Ten Questions with Jono Lester
Jono talks about his racing career, shifting gears in light of COVID and post career planning.
What’s your earliest memory behind the wheel?
Tearing around the pit complex at Manfeild in a poo-brown Daihatsu Charade when I was 7 or 8. Dad had bought it to keep me from annoying him at the workshop after school, where he operated his race team. I raided his sticker box and covered the thing in as many sponsor logos as I could fit – it looked horrendous!
How much do you travel during a typical race season?
A lot, but it varies from year to year depending on how many contracts I have around Asia. My busiest season to date was 2016 with over 400hrs in the air between May and November.
What is your favourite place to visit during your motorsport travels?
I have two, for different reasons. Japan for its fascinating culture, delicious cuisine and the synchronicity of new and old. Thailand for its laid back way of life, friendly locals and its crazy urban sprawl.
Speaking of favourites, which car and circuit stand out for you?
This is a question drivers get asked all the time. To be honest, in my opinion the cars and tracks you’re most fond of are those you perform best in. With that in mind, I’ll go with the Ferrari 458 GT3, the Phillip Island and Okayama circuits plus bumpy, wild street tracks at Bangsaen Beach in Thailand, and across the pond in Adelaide.
Why do you think Kiwi drivers have such a high rate of achievement on the world stage?
It’s certainly no secret that we punch about our weight. It goes for all sportspeople from New Zealand – we inherently have to work harder to get to the same level as our rivals. It serves us well in our professional careers as by developing this bloody-minded work ethic early on, we’re far better prepared to face the inevitable challenges that we face on the world stage. It also helps that we can race full-sized cars in NZ from the age of 12, compared to 15+ elsewhere in the world. My grandad bought that rule in during his time at MotorSport New Zealand, and it’s certainly paved the way for myself and countless others.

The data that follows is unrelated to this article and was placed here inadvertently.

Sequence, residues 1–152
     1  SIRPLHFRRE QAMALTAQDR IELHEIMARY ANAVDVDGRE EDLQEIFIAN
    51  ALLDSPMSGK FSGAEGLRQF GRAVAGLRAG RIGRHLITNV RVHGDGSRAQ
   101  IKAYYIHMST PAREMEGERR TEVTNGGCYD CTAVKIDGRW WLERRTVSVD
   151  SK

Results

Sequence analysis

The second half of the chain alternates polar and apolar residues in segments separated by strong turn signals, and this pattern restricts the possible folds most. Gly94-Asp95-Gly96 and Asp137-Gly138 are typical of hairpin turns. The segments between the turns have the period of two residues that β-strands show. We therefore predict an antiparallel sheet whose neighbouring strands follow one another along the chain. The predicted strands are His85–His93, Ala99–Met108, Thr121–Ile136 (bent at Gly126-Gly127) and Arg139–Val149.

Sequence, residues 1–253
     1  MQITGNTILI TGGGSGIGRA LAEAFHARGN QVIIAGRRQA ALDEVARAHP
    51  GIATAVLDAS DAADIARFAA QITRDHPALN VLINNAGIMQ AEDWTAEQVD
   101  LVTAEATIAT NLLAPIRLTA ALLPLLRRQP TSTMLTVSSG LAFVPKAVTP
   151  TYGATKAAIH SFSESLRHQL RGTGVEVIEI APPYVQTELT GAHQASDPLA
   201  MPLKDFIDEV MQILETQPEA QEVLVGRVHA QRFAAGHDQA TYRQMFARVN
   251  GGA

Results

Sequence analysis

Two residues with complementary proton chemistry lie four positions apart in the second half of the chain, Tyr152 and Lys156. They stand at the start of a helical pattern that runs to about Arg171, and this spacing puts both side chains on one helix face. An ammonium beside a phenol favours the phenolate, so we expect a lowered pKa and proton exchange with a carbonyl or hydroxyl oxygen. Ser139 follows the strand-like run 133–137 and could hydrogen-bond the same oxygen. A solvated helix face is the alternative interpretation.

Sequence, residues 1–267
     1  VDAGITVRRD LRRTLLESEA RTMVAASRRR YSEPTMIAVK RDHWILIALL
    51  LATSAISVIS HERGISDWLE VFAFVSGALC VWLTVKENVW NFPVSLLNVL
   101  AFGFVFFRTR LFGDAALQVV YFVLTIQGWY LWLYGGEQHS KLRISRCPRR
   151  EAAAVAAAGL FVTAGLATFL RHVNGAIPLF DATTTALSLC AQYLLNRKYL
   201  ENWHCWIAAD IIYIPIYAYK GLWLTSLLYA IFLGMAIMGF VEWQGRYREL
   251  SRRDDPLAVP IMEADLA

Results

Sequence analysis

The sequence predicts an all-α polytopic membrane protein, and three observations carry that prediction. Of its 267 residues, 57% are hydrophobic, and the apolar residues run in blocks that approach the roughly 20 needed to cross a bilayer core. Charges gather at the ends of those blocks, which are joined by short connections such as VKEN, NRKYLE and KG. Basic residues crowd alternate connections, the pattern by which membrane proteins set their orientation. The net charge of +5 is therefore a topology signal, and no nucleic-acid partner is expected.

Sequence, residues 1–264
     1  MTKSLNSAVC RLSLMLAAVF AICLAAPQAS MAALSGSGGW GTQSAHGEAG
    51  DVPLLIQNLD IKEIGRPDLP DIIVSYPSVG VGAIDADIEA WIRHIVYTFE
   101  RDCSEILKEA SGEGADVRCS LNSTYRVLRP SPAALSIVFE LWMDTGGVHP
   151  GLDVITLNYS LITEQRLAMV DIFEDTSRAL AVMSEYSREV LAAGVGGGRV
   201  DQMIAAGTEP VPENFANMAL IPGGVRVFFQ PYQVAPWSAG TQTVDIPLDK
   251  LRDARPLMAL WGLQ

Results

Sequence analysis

What are some of the greatest challenges that face aspiring drivers from a small country like New Zealand?
Money. This makes it even harder for drivers from a tiny island in the South Pacific. A wealthy family or backer here in NZ is a small fish on the world stage, so the millions required to make it to Formula One, Indycars, Supercars or even GT like I am doing is insurmountable for most of us, no matter how naturally gifted you might be behind the wheel. This is why it’s so important to nurture those who do help you, at any level. I’ve had support from companies including Blackwoods Paykels, Cuesko and Redpaths and in some cases these relationships have lasted more than a decade. I put a huge effort into these and dozens of our companies and individuals who helped me make it to a professional level in racing.
Did/do you have any idols or people that have inspired you throughout your career?
Growing up, you look up to your Dad and in my case, my grandparents were also a profound influence. I must say though, in my adult life the most profound influence has come from Rich Roll, a plant-based ultra-runner who’s story, podcast and mission to do better and be better is a daily inspiration to me.
What are you passionate about outside of driving race cars?
Animal welfare and the environment. This might seem paradoxical given my day job (the misunderstanding between motorsport and pollution is another story for another day) but my over-arching ethos is to live life ethically and compassionately, reducing the harm my own footprint has on our planet and all the living creatures that roam it.
How have you been affected by the COVID-19 crisis?
Well for one, I lost my job. I had to relinquish a firm contract offer in Japan and a couple of other deals elsewhere in Asia have gone begging too due to travel restrictions. Personally, I tried to make the most of lockdown by occupying myself with running, cooking, reading, doing yoga and learning some new skills, but I’d be lying if I said it hasn’t gotten to me. This situation we all find ourselves in certainly takes its toll on your mental health.
COVID-19 is a wake-up call to athletes that they can be sidelined at any time. Have you got a post-career plan in place for when you eventually hang up your helmet?
I do. I must admit that pre-COVID I didn’t, and this was something I’d been putting off for a while. I’ve had the opportunity since lockdown to upskill and become a registered insurance broker with the top brokerage in NZ, Broadbent Risk. I’ve been a client of theirs for the last 5 years. As you can imagine, the high risk life of a racing driver sent most insurance companies running, but Broadbent bent over backwards to secure me a life cover when nobody else would. I loved that about them, and I look forward to offering the same level of personal, one-on-one service to my own clients moving forward.